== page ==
Summer Reading (this title is misleading!)

Misleading not in so far as whether or not we’re going to have anything resembling a proper summer up here (I am typing this sitting on my living room windowsill, with the window open and the sun shinging on my legs, so today is definitely the fourth truly summer-y day up here this year [the other three were over Pentecost]), but rather that the books I will mention here shall undoubtedly only constitute a very small part of my summer reading – the for fun, non-fiction, not directly concerning my work/academic disciplines part. And might not all get read during the summer either, depending on work and other reading. But I am determined to make at least some of them summer reading! In fact, I’ve already started.

Among the various and manifold small sub-jobs I have in our department, one of them is to be our library liaison – which mostly means that I get a lot of book catalogues sent to me or passed on to me by other colleagues, I round robin them to my colleagues asking if they want me to order any of the books in them for the library, keep an eye out for more generalist books that we could use, and then get in touch with my (wondeful) contact person at the library telling her the books we want. An effect of this job is that a lot of publishing houses and book distributors have me in their mailing lists, and thus I get a lot of emails about books not relating to our field and general book offers, as well. And every year in the early summer, I get an email from the Oxford University Press* about their ‘summer sale for private academics’ (or some such title), where they sell books to said ‘private academics’ (IE not to uni libraries/institutions) at super reduced prices (up to 80%). And always a lot of other books that manage to intrigue me – and so, every year, I set myself a spending limit and then buy books about things that sound interesting. I usually put one or two of the more expensive but truly centrally interesting and academically relevant-to-my-subject must-have books in my shopping basket first, and then I sort the list by price and look for things that sound a) fascinating, b) accessible (I have learned since first doing this that, when it says ‘for the advance student of mathematics’, one better heed the warning …) and that c) get decent reviews else-net. I usually end up with a mix of maths and science theory, archeology, history, philosophy and linguistics. You can see this year’s haul depicted on the right.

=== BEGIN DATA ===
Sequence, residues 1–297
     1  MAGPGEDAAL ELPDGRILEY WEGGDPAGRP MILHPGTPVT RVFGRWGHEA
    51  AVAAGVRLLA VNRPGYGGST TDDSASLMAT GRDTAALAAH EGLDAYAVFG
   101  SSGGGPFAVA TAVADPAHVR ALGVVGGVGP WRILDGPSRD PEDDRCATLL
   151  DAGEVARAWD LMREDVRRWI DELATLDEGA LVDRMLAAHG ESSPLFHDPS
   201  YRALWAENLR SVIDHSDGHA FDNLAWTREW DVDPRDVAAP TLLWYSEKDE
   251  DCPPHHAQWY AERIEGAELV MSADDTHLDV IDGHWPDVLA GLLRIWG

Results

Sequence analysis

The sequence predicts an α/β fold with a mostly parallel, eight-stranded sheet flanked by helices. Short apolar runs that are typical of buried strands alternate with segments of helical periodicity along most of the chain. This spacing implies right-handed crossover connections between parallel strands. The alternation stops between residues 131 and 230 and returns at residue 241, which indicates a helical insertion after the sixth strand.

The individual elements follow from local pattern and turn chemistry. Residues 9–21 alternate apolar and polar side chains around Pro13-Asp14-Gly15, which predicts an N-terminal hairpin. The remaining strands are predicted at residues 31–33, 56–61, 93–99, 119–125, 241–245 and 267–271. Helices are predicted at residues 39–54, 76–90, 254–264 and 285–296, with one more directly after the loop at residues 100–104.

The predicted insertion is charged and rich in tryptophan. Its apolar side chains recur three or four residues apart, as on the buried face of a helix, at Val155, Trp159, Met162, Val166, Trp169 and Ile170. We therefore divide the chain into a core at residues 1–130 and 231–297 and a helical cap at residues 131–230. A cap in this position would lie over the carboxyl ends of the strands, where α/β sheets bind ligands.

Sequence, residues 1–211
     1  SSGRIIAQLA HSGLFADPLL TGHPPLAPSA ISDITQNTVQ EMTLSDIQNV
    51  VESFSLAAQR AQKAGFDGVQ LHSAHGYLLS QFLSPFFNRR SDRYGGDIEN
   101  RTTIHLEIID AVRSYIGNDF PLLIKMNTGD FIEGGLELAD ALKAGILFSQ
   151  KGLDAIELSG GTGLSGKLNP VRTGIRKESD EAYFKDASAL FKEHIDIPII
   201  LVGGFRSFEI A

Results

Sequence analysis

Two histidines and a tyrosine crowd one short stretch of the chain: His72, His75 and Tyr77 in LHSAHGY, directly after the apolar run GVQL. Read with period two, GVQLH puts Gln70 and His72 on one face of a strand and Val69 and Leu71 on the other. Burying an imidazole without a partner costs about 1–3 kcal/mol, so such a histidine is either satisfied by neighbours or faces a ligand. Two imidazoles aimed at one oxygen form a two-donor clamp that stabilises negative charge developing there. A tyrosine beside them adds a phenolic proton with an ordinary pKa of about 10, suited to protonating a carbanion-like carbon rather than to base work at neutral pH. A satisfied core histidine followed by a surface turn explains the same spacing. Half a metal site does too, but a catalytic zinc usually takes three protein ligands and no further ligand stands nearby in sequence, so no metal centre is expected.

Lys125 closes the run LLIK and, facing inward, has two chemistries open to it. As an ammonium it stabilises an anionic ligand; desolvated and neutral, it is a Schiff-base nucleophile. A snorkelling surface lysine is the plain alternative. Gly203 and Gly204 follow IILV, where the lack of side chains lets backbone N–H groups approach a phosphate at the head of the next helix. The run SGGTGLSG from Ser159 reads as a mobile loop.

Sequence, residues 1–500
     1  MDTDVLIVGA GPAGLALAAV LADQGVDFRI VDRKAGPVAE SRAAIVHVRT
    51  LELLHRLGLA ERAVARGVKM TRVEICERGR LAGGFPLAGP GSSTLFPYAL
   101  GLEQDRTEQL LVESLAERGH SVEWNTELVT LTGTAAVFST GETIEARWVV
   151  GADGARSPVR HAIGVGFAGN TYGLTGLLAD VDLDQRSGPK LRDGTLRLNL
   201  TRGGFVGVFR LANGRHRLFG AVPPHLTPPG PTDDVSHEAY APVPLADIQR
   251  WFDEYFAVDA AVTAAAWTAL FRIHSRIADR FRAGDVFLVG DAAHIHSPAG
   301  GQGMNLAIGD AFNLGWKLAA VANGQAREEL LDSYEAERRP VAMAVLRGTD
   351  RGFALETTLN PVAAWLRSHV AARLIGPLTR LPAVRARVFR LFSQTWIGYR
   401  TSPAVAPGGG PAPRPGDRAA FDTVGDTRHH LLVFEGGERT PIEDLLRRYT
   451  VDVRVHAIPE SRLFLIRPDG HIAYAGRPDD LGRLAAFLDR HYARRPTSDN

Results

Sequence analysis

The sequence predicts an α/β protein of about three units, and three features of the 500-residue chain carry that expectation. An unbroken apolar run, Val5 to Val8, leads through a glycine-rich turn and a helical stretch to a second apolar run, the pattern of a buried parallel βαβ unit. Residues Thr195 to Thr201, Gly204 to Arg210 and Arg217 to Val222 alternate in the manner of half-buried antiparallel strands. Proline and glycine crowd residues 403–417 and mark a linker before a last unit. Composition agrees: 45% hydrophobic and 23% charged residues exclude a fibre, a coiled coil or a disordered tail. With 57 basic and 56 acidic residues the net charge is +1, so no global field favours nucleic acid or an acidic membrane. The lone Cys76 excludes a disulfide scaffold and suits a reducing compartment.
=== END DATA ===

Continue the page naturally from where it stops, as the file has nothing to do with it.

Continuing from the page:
I started reading Symmetry and the Monster this morning – and while I am still not sure what precisely ‘the Monster’ is, I’ve learned a lot of fascinating things about cubes, octagedrons, icosahedrons and dodecahedrons in chapter 1 alone. We’re into Évariste Galois’ work on the grouping of permutations right now, and, puh, I’ll need to let this all settle for a bit before reading on – I am at the stage where I get what the text says, but don’t yet truly get what it means, in an application-oriented kind of sense.

Incidentally, needing to take a break is good, since I’ve promised the afternoon to image-use inquiries and getting-the-PhD-ready-for-publication-work.


Oh, and an update on ‘la grande expérience’: reading your guitar tuner upside down is confusing. Also, what kind of bad idea was this? It’s not only that hands need to do different things now, it feels like I am trying to re-wire my brain at the same time! The first hurdle is definitely – as expected – a steep one. But intriguingly so. I shall persevere (for now)!


* Dear other UPs and publishing houses out there, mine is an equal opportunity shopping spree, so if you have serious offers like that, mail ’em round. :-) (Uh, next year?) If you spam me, though, no business from me!


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